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6 of 6 people found the following review helpful
4.0 out of 5 stars The kind of secret that kills...
Well-written and executed crime novel.
The story starts out with an apparent suicide. The alleged suicide is connected to a previous crime and this link awakens the interest of the police. Simultaneously a cold case is being investigated. The disappearance of a woman called Ruth.
The cases are seemingly unrelated with the exception of one connection.
Hill...
Published 21 months ago by Cheryl M-M

versus
3.0 out of 5 stars Have you ever been on a company team building event?
What could happen on a team / motivation week away for employees of Alemany Cosmetics at a remote country house? This is what Inspector Salgado of Barcelona has to unravel whilst trying to control his emotions stirred up by the disappearance of his wife Ruth. The suicide of an employee and his killing of his wife and child may be connected, or is it? This is a good story...
Published 9 months ago by BasingstoneBook


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6 of 6 people found the following review helpful
4.0 out of 5 stars The kind of secret that kills..., 19 Jun. 2013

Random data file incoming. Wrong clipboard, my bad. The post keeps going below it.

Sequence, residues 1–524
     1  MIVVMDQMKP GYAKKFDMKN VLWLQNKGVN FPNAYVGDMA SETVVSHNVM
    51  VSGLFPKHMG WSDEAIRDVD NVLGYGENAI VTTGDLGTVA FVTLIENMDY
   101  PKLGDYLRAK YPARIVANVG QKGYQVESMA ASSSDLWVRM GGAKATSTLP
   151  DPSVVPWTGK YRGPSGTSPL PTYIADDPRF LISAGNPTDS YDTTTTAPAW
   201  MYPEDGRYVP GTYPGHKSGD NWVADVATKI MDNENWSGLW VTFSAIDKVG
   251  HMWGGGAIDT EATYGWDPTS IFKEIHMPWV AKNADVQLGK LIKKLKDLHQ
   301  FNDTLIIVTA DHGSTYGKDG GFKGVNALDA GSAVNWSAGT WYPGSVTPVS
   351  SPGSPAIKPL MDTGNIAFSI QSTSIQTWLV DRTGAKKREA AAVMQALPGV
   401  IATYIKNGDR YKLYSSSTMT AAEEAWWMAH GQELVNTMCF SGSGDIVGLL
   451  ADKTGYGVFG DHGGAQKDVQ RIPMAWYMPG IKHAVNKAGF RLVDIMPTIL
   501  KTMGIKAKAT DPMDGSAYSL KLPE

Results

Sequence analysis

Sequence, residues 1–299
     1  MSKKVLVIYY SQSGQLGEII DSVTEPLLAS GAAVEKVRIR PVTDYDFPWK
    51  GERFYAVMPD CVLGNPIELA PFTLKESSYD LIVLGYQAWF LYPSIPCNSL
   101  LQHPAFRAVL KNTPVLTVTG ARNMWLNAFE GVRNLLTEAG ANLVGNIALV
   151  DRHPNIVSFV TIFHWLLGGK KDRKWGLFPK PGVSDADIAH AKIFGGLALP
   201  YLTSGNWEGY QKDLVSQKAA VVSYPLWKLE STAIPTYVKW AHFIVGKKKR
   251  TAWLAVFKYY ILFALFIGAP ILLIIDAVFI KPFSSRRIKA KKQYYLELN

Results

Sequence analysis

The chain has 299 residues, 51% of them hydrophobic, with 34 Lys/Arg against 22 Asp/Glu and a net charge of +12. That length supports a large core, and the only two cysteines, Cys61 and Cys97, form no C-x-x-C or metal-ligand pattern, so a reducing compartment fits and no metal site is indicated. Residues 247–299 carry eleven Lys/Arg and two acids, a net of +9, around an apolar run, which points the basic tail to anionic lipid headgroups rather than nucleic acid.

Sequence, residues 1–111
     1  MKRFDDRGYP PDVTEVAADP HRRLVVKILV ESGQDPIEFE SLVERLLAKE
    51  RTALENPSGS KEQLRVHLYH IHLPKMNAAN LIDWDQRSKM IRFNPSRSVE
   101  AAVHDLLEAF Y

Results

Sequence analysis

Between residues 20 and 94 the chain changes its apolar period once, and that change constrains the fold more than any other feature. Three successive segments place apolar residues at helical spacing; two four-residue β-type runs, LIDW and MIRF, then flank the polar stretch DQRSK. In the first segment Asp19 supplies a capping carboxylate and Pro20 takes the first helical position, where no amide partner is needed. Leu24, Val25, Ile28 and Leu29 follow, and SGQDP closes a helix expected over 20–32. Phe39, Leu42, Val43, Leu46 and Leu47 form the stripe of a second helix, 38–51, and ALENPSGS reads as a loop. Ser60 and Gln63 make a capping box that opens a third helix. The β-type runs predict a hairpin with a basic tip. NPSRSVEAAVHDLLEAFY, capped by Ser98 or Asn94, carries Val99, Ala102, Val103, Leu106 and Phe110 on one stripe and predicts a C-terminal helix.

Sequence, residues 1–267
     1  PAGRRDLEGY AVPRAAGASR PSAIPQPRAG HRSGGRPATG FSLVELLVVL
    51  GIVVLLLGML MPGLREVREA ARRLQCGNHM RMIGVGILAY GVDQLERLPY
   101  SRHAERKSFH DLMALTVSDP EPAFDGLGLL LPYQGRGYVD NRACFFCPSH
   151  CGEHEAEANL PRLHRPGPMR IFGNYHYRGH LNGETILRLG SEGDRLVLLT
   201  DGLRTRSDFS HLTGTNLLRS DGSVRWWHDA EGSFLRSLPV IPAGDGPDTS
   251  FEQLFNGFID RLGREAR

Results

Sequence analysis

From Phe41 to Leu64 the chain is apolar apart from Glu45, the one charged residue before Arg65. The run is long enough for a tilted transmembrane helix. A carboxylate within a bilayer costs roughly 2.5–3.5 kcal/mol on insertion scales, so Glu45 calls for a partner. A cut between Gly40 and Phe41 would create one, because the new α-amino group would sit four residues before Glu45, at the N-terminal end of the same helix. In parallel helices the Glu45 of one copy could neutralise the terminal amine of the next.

By 
Cheryl M-M (United Kingdom) - See all my reviews
(TOP 1000 REVIEWER)   
This review is from: The Good Suicides (Inspector Salgado 2) (Hardcover)
Well-written and executed crime novel.
The story starts out with an apparent suicide. The alleged suicide is connected to a previous crime and this link awakens the interest of the police. Simultaneously a cold case is being investigated. The disappearance of a woman called Ruth.
The cases are seemingly unrelated with the exception of one connection.
Hill manages to keep the secrets rolled up tightly until the end. He lets that ball unwind slowly bit for bit, teasing with snippets of information.
He had me going there for a while. I had it all figured out and knew the answers to both crimes.
I was wrong.
I think the sub-plot of César and Emma was superfluous. The story was strong enough without it and the byline added nothing to the plot.
I was hoping for a revelation in the Ruth storyline, instead the author ended it with what I can only call a treacherous clue for the armchair detectives amongst us.
I received a free copy of this book via Netgalley.
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3 of 3 people found the following review helpful
4.0 out of 5 stars Antonio Hill--The Good Suicides, 27 Jun. 2013
By 
Simon Clarke (Hackney, London) - See all my reviews
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This review is from: The Good Suicides (Inspector Salgado 2) (Hardcover)